Agricultural expansion describes the growth of
pastures, etc.) especially in the 20th and 21st centuries.
The agricultural expansion is often explained as a direct consequence of the global increase in
Most modern agriculture relies on
loss of biodiversity on a global scale already.Moreover, agricultural expansion continues to be the main driver of deforestation and forest fragmentation. Large-scale commercial agriculture (primarily cattle ranching and cultivation of soya bean and oil palm) accounted for 40 percent of tropical deforestation between 2000 and 2010, and local subsistence agriculture for another 33 percent. In the light of the already occurring and potential massive ecological effects, the need for sustainable practices is more urgent than ever.
developed countries is likely to continue its decline.
A well-known example of already ongoing agricultural expansion is the proliferation of
soy bean production in South America. Today's land grabbing activities are often a consequence of the strive for agricultural land by growing economies.
In the beginning of the 21st century the palm oil industry caused a massive deforestation in Borneo with heavy consequences.
- Industrial agriculture
- Green revolution
- Environmental impact of agriculture
- Meat consumption
- Biodiversity loss
- Carbon sink
- Land sparing
- Species extinctions
- Jevons paradox
- Social and environmental impact of palm oil
- Land use, land-use change, and forestry
- ^ "Human population numbers as a function of food supply" (PDF). Russel Hopfenburg, David Pimentel, Duke University, Durham, NC, USA;2Cornell University, Ithaca, NY, USA.
Human population growth has typically been seen as the primary causative factor of other ecologically destructive phenomena. Current human disease epidemics are explored as a function of population size. That human population growth is itself a phenomenon with clearly identifiable ecological/biological causes has been overlooked. Here, human population growth is discussed as being subject to the same dynamic processes as the population growth of other species. Contrary to the widely held belief that food production must be increased to feed the growing population, experimental and correlational data indicate that human population growth varies as a function of food availability. By increasing food production for humans, at the expense of other species, the biologically determined effect has been, and continues to be, an increase in the human population. Understanding the relationship between food increases and population increases is proposed as a necessary first step in addressing this global problem. Resistance to this perspective is briefly discussed in terms of cultural bias in science.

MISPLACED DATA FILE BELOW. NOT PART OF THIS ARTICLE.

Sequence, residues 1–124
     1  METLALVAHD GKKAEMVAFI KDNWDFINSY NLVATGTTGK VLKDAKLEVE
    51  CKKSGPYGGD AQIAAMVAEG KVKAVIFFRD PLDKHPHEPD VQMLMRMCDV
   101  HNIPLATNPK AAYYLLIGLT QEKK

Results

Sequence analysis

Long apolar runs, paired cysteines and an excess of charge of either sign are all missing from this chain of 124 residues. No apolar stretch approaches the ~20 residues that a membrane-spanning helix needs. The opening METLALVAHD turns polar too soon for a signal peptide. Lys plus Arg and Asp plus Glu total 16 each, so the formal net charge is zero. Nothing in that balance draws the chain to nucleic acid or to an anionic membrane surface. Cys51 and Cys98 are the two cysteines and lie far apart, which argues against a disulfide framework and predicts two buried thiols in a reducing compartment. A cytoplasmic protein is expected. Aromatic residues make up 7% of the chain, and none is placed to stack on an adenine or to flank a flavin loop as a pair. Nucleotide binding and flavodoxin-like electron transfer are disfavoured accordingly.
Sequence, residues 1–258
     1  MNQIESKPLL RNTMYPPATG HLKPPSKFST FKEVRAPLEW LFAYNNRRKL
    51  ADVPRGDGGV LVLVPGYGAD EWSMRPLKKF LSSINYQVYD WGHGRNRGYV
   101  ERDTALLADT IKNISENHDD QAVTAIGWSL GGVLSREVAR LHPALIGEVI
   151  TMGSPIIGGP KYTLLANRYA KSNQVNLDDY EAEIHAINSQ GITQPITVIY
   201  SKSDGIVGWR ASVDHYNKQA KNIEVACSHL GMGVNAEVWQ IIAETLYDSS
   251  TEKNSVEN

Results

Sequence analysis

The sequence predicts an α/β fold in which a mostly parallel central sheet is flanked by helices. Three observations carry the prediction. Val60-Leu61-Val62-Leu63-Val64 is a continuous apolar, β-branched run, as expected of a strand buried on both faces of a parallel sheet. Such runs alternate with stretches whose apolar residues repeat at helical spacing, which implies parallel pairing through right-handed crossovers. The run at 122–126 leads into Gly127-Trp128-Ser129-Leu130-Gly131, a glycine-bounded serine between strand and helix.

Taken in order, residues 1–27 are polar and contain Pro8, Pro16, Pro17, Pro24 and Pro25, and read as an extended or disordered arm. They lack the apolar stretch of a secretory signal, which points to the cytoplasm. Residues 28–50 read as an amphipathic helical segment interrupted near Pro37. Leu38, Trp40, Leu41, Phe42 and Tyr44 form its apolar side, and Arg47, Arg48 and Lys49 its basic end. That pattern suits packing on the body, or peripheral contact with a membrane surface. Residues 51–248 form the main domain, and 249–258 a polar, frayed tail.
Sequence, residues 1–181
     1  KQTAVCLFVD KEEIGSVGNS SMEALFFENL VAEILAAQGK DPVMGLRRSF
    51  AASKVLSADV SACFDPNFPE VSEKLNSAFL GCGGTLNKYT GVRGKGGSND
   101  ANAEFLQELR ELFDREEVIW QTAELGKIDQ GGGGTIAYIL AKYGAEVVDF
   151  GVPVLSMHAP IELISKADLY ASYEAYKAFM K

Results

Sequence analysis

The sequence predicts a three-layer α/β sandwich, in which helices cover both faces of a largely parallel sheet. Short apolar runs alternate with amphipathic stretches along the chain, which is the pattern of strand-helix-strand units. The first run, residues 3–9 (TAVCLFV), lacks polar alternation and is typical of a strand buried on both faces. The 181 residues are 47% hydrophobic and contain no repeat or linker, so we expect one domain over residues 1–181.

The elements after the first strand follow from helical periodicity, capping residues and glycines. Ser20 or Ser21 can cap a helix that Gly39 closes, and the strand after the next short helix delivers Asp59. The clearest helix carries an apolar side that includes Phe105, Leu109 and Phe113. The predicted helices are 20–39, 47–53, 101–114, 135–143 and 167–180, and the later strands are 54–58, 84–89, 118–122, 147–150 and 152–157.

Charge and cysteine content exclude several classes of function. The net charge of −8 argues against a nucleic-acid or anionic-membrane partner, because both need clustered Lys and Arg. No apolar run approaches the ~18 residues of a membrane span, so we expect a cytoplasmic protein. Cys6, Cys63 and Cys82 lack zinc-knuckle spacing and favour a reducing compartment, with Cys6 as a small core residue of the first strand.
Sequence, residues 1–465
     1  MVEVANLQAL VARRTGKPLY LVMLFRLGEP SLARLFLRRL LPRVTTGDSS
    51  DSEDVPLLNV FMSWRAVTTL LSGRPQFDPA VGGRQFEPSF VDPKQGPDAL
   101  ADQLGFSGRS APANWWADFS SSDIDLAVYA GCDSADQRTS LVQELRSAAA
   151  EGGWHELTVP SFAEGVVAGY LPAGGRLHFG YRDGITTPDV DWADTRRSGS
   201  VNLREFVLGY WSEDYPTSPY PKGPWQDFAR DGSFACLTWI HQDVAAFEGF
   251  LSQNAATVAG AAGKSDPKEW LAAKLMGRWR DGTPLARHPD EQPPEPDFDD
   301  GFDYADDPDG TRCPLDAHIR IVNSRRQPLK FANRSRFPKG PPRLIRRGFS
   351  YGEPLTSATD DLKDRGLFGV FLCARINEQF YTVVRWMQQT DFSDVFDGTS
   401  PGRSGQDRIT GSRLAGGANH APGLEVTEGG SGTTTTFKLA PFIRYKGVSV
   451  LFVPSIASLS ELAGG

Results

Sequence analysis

- ^ "Morgan Freeman on the Tyranny of Agriculture". Ecorazzi.com. Archived from the original on 2020-08-15. Retrieved 2020-01-29.
- ^ "The expansion of modern agriculture and global biodiversity decline: an integrated assessment". Grantham Research Institute on Climate Change and the Environment. 2018-02-19. Retrieved 2018-02-19.
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- ^ Ritchie, Hannah; Roser, Max (17 October 2013). "Yields and Land Use in Agriculture". Our World in Data. Retrieved 2018-02-19.
- PMID 24799696.
- ^ Wright, Rebecca; Watson, Ivan; Booth, Tom; Jamaluddin, Masrur. "Borneo is burning". CNN. Retrieved 4 December 2019.
- Laurance, William F.; Sayer, Jeffrey; Cassman, Kenneth G. (2014). "Agricultural expansion and its impacts on tropical nature". Trends in Ecology & Evolution. Elsevier BV. 29 (2): 107–116. PMID 24388286.
The human population is projected to reach 11 billion this century, with the greatest increases in tropical developing nations. This growth, in concert with rising per-capita consumption, will require large increases in food and biofuel production. How will these megatrends affect tropical terrestrial and aquatic ecosystems and biodiversity? We foresee (i) major expansion and intensification of tropical agriculture, especially in Sub-Saharan Africa and South America; (ii) continuing rapid loss and alteration of tropical old-growth forests, woodlands, and semi-arid environments; (iii) a pivotal role for new roadways in determining the spatial extent of agriculture; and (iv) intensified conflicts between food production and nature conservation
- Tilman, D. (1999-05-25). "Global environmental impacts of agricultural expansion: The need for sustainable and efficient practices". Proceedings of the National Academy of Sciences. 96 (11): 5995–6000. PMID 10339530.
The recent intensification of agriculture, and the prospects of future intensification, will have major detrimental impacts on the nonagricultural terrestrial and aquatic ecosystems of the world. The doubling of agricultural food production during the past 35 years was associated with a 6.87-fold increase in nitrogen fertilization, a 3.48-fold increase in phosphorus fertilization, a 1.68-fold increase in the amount of irrigated cropland, and a 1.1-fold increase in land in cultivation. Based on a simple linear extension of past trends, the anticipated next doubling of global food production would be associated with approximately 3-fold increases in nitrogen and phosphorus fertilization rates, a doubling of the irrigated land area, and an 18% increase in cropland.
- "Crop production and natural resource use". World Agriculture: Towards 2015/2030 - FAO. Retrieved 2018-02-19.
This article incorporates text from a free content work. Licensed under CC BY-SA 3.0 (license statement/permission). Text taken from The State of the World’s Forests 2020. In brief – Forests, biodiversity and people, FAO & UNEP, FAO & UNEP..
- John Stephen Athens (1990). Prehistoric Agricultural Expansion and Population Growth in Northern Highland Ecuador: Interim Report for 1989 Fieldwork. International Archaeological Research Institute.